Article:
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Watch Out for Charity Scams During Natural Disasters

Watch Out for Charity Scams During Natural Disasters

When natural disasters strike, it’s natural to feel concern for those caught in the midst of the disaster. Some people feel the need to give of their money, while others will even travel to the devastated area to help clean and rebuild.

What you may not realize is that there are others in the world who see natural disasters as an opportunity take advantage of our heartfelt concerns by setting up charity scams.

These scam artists will go after both kind-hearted people looking to donate and those who were affected by the disaster.

Despicable, right?

When organizations like the Better Business Bureau (BBB), the Federal Trade Commission (FTC), and the Internal Revenue Service (IRS) are calling attention to these types of scams that pop up after natural disasters, you can rest assured that there is good reason to pay attention.

While we could write an entire opinion piece denouncing these charlatans, we’ll instead provide you with helpful information to avoid being a victim of charity scams—and general tips to keep yourself safe.

1. Verify the Charity

If you hear about a charity you want to donate to, but are uncertain if it is legitimate, you have a number of options to verify it. There are websites such as BBB’s Wise Giving Alliance, Charity Navigator, Charity Watch, and GuideStar. In addition, some states require charities to be registered. So, checking a state-level registry is also a smart move. (contact National Association of State Charity Officials).

If you get the green light on those sites, feel free to donate without fear.

Tip: Make it a rule of thumb never to give to a charity you’ve never heard of before until you verify it. Some fake websites even exist that seem identical to a well-known organization, but they are in fact fraudulent.

Just so you know, most legitimate nonprofit websites typically end in “.org,” not “.com.”

2. Avoid Giving to Door-to-Door Collectors

Unless there is a girl with a wagon of cookies and a Girl Scout uniform at your doorstep, it’s smart these days is to avoid giving directly to someone who comes to your front door looking for donations. Yes, they may be a legitimate representative, but there aren’t many foolproof ways to know in the moment. Because of the number of con artists out there, it’s better to be safe than sorry and tell them, “I’m sorry, but no.”

Tip: In our online dominated world, you have more options than donating right then and there. If you want to help but want to do it securely, you can always find the website later and donate there. If you’ve never heard of the organization, use one of the sites mentioned above to verify their legitimacy before donating. Whatever you do, never give out your personal information (even your name) to someone soliciting door to door.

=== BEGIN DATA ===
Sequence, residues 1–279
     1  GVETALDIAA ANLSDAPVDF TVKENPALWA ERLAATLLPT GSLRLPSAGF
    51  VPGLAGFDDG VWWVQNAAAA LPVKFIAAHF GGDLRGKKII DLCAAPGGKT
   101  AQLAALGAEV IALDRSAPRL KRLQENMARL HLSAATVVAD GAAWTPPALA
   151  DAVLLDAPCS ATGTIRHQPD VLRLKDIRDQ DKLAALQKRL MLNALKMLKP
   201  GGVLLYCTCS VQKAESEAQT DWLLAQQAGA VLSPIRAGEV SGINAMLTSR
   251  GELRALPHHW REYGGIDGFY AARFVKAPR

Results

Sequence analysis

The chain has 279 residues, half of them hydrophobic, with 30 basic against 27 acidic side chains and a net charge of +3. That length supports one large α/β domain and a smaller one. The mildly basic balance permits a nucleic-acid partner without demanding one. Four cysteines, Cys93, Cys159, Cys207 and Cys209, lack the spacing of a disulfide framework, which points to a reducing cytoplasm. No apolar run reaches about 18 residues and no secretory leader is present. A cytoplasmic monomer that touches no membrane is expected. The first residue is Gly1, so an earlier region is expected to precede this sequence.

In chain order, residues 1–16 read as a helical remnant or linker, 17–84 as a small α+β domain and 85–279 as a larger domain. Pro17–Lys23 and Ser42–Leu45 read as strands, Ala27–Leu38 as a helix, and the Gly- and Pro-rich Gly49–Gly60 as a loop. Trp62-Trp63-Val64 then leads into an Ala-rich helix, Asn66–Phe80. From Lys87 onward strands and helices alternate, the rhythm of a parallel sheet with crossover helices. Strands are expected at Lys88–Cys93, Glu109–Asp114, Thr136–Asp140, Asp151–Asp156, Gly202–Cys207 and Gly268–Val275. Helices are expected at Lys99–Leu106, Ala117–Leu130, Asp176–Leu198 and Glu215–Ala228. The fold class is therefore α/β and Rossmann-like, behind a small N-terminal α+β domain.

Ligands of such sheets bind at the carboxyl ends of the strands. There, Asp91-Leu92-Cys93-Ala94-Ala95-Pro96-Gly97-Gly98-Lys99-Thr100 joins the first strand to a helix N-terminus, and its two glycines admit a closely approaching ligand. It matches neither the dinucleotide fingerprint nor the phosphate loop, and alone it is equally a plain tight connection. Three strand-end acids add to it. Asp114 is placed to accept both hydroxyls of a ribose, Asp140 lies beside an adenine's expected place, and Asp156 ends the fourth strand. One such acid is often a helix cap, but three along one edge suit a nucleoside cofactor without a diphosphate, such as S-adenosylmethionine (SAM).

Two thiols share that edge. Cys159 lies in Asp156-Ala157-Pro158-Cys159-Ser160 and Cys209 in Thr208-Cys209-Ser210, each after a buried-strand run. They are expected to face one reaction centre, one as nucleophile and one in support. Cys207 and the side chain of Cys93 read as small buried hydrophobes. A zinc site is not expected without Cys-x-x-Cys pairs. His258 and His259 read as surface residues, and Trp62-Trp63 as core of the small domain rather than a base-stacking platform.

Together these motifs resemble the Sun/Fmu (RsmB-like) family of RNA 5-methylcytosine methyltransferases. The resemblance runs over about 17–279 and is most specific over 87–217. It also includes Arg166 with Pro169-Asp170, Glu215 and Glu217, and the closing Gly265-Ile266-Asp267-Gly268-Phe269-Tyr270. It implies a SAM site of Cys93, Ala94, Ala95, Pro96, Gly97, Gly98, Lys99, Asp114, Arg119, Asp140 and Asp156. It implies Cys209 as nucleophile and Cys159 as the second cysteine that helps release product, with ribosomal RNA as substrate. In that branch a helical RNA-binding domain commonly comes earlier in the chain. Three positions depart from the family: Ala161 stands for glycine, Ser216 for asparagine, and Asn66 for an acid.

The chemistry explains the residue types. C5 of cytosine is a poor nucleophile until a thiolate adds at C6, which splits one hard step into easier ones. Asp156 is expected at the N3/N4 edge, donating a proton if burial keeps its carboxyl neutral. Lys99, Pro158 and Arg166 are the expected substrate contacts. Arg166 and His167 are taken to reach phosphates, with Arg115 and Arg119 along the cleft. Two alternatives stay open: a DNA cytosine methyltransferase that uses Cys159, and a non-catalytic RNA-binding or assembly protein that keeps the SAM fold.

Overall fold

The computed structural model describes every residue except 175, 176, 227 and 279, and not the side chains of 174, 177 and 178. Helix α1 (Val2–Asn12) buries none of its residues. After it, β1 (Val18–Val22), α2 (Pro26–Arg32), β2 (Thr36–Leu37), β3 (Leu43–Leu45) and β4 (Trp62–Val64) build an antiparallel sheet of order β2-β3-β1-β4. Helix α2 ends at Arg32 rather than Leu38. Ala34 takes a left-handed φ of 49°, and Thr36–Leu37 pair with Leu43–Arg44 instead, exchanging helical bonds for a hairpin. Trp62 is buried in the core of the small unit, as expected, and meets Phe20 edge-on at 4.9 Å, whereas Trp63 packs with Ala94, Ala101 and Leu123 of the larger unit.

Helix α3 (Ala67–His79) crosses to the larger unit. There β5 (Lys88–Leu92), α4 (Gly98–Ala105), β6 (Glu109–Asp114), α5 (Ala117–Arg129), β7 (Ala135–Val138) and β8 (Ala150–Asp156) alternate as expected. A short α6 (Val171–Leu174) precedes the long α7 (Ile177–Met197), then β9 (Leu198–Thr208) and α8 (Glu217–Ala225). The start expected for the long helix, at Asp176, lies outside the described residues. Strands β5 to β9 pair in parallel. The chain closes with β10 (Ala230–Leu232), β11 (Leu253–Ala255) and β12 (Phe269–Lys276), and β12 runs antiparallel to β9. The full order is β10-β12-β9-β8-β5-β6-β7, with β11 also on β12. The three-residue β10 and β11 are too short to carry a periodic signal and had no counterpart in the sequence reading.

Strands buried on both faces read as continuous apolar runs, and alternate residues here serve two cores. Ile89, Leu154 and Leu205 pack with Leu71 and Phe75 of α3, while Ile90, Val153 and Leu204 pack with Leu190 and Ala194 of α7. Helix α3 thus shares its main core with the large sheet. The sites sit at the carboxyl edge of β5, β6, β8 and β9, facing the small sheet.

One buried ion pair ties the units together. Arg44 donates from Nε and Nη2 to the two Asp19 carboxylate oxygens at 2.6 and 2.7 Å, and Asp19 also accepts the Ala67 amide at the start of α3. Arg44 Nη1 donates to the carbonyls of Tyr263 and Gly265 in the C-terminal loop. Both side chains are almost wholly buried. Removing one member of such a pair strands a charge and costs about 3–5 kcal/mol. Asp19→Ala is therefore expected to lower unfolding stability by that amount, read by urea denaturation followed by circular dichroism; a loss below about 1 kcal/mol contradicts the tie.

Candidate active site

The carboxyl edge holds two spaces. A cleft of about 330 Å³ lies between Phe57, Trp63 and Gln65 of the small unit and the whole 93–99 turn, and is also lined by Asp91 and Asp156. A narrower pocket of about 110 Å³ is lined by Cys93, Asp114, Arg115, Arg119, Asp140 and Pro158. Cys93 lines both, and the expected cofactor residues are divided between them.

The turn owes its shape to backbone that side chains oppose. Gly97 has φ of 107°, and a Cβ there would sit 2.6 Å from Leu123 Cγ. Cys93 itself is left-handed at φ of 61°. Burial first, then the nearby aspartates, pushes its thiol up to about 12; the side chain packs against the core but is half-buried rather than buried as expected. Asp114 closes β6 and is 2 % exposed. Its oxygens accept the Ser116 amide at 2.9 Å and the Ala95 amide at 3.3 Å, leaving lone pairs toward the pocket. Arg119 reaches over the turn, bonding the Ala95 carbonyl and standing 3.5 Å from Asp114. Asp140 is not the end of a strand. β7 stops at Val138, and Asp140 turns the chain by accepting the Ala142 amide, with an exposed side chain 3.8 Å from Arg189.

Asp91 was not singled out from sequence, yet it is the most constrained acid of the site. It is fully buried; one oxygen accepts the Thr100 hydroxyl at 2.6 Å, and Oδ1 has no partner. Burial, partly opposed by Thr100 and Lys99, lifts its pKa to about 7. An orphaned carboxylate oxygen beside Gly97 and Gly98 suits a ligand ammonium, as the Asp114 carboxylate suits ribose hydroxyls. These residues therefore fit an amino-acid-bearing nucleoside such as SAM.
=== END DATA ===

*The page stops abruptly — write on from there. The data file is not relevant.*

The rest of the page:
For those you in disaster areas, be wary of door-to-door construction help.

There are some good-hearted souls who flock to a disaster area out of goodwill, but many “storm chasers” are showing up simply to add salt to the wounds of those who have already suffered loss.

Those con artists will show up offering immediate help (even some with “special offers”) and will either 1) take payment and never perform the job, or 2) use shoddy materials to make it look like a job was performed. By the time anyone realizes that authentic construction work wasn’t done, the money and “workers” are long gone.

Tip: Do your best not let the impact of your loss force you into making a hasty decision that would bring about even greater loss. When several construction estimates and ask for the contractor license number and proof of insurance. Anyone who hesitates to supply this information is not worth working with.

3. Don’t Donate When Solicited by Unknown Organizations

Typically, the only kind of solicitation you should get through email or by a phone call is from an organization you have already donated to. Those charities are aware of a person’s past donation history, so reaching out for another donation is common.

However don’t think that because one charity you supports calls, that it then makes sense for more charities to do so as well. This is where many fraudulent charities are hoping to strike…to maybe catch a “giving” person off-guard.

If you receive an email, phone call, or mailer from an unknown organization, remember our tips from before.

Verify, verify, verify!

4. Donating by Text.

You might have heard of opportunities to give to a cause or organization via text message. Charitable organizations, phone companies, and donations processors work together these days to allow people to give simply by texting the amount they want to donate to the mobile giving number.

The question is, is giving by text safer than giving online?

The answer is, no it is NOT automatically safer or risk free.

But it can be safe and legitimate.

Just like other methods of giving, the same rules and advice applies.

Before you donate to a cause via text, make sure it is a legitimate organization–or simple make it a point to donate to charities that you are certain about.

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